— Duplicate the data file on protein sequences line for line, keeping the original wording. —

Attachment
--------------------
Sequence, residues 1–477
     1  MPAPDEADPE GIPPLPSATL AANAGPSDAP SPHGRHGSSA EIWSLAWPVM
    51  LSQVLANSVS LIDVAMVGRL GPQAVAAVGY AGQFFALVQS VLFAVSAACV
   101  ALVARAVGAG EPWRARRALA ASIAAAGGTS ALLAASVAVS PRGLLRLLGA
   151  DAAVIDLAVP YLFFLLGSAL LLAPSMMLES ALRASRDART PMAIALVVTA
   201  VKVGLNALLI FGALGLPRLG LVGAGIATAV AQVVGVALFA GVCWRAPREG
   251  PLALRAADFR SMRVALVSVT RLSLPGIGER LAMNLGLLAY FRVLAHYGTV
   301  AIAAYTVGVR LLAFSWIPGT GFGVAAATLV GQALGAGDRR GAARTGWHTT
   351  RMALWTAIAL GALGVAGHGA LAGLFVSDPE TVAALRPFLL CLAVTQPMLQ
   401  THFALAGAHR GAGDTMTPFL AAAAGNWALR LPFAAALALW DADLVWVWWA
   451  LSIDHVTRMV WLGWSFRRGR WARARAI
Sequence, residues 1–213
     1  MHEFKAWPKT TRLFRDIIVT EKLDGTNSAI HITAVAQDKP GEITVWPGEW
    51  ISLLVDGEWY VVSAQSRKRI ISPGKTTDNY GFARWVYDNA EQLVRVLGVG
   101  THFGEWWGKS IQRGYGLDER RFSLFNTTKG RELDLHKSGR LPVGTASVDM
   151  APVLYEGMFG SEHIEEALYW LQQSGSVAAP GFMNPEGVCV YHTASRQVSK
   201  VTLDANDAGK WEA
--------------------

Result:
Sequence, residues 1–477
     1  MPAPDEADPE GIPPLPSATL AANAGPSDAP SPHGRHGSSA EIWSLAWPVM
    51  LSQVLANSVS LIDVAMVGRL GPQAVAAVGY AGQFFALVQS VLFAVSAACV
   101  ALVARAVGAG EPWRARRALA ASIAAAGGTS ALLAASVAVS PRGLLRLLGA
   151  DAAVIDLAVP YLFFLLGSAL LLAPSMMLES ALRASRDART PMAIALVVTA
   201  VKVGLNALLI FGALGLPRLG LVGAGIATAV AQVVGVALFA GVCWRAPREG
   251  PLALRAADFR SMRVALVSVT RLSLPGIGER LAMNLGLLAY FRVLAHYGTV
   301  AIAAYTVGVR LLAFSWIPGT GFGVAAATLV GQALGAGDRR GAARTGWHTT
   351  RMALWTAIAL GALGVAGHGA LAGLFVSDPE TVAALRPFLL CLAVTQPMLQ
   401  THFALAGAHR GAGDTMTPFL AAAAGNWALR LPFAAALALW DADLVWVWWA
   451  LSIDHVTRMV WLGWSFRRGR WARARAI
Sequence, residues 1–213
     1  MHEFKAWPKT TRLFRDIIVT EKLDGTNSAI HITAVAQDKP GEITVWPGEW
    51  ISLLVDGEWY VVSAQSRKRI ISPGKTTDNY GFARWVYDNA EQLVRVLGVG
   101  THFGEWWGKS IQRGYGLDER RFSLFNTTKG RELDLHKSGR LPVGTASVDM
   151  APVLYEGMFG SEHIEEALYW LQQSGSVAAP GFMNPEGVCV YHTASRQVSK
   201  VTLDANDAGK WEA